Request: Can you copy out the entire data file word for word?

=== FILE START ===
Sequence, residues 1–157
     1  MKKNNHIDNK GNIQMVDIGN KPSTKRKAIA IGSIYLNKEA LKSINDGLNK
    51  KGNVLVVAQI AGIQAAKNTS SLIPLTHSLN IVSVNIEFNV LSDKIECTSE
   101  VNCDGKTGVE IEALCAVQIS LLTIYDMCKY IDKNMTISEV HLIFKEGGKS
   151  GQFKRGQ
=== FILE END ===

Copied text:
Sequence, residues 1–157
     1  MKKNNHIDNK GNIQMVDIGN KPSTKRKAIA IGSIYLNKEA LKSINDGLNK
    51  KGNVLVVAQI AGIQAAKNTS SLIPLTHSLN IVSVNIEFNV LSDKIECTSE
   101  VNCDGKTGVE IEALCAVQIS LLTIYDMCKY IDKNMTISEV HLIFKEGGKS
   151  GQFKRGQ